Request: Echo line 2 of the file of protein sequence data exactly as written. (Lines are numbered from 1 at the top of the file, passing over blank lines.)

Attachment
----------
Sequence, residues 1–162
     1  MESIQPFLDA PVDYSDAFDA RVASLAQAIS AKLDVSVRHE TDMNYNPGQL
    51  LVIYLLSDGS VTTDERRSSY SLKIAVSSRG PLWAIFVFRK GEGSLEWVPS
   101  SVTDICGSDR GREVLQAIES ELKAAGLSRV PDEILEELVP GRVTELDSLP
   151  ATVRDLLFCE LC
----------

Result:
     1  MESIQPFLDA PVDYSDAFDA RVASLAQAIS AKLDVSVRHE TDMNYNPGQL